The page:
Honda Motor (HMC -0.03%) said Tuesday that it will suspend production at its North American factories for six days in an effort to adjust to an expected drop in demand amid the COVID-19 pandemic. 

All of the automaker's assembly plants in the U.S., Canada, and Mexico will suspend production on March 23; the current plan is for them to restart production on March 31. The engine and transmission factories that supply those plants will shut down for the same period.

Honda said that all employees would continue to receive full pay through the shutdown period. 

Partially-assembled Acura RDX SUVs move down an assembly line amid robots at Honda's plant in East Liberty, Ohio.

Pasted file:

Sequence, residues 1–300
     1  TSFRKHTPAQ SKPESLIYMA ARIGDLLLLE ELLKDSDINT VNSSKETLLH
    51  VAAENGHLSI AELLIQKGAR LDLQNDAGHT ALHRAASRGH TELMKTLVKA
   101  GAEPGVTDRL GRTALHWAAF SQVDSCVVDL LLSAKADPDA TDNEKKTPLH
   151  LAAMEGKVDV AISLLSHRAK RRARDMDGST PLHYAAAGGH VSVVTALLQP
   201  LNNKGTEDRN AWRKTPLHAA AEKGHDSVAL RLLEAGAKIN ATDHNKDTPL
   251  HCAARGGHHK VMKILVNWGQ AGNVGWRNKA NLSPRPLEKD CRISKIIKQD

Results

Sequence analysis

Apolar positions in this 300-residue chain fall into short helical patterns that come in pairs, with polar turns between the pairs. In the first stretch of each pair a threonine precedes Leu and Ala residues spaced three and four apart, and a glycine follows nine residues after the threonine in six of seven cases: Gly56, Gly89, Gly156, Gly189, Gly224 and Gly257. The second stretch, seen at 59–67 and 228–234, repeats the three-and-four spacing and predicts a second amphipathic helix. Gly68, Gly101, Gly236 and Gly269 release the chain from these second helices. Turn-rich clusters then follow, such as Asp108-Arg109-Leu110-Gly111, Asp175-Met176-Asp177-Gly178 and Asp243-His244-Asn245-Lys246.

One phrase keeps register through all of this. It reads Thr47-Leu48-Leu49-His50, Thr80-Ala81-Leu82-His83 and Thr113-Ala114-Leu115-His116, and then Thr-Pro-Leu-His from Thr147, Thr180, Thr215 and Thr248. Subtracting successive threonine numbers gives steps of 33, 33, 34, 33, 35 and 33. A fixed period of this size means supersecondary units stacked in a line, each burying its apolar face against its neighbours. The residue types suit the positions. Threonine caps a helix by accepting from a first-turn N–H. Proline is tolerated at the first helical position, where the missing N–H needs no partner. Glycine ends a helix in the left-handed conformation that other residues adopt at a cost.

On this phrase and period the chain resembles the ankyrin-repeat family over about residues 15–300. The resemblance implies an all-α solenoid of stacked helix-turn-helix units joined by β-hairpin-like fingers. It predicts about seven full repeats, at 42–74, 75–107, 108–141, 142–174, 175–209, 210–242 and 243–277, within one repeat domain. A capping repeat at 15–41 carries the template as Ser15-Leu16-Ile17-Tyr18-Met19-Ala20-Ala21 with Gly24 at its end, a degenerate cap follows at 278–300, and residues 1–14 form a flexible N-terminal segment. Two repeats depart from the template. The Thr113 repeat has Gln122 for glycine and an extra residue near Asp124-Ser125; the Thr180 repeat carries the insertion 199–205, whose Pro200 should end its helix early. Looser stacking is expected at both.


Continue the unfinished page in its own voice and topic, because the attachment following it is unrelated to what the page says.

Honda's assembly plant in East Liberty, Ohio, is one of eight North American assembly plants that Honda will idle for at least six days. Image source: Honda Motor Co., Ltd.

Honda is the first automaker to announce shutdowns of its U.S. factories since the outbreak of the novel coronavirus. Several of its peers, including Ford Motor (F -3.95%) and BMW AG (BMWYY 0.48%) (BAMXF -1.94%), have already announced plans to close factories in Europe due to dwindling demand and health concerns.

Health authorities in the U.S., Canada, and Europe are urging companies to take aggressive measures to ensure "social distancing" between employees in an effort to slow the spread of COVID-19 and prevent the pandemic from overwhelming healthcare systems. 

Honda expects the shutdowns to reduce its production by about 40,000 vehicles. The company sold about 120,000 vehicles in the U.S. in February.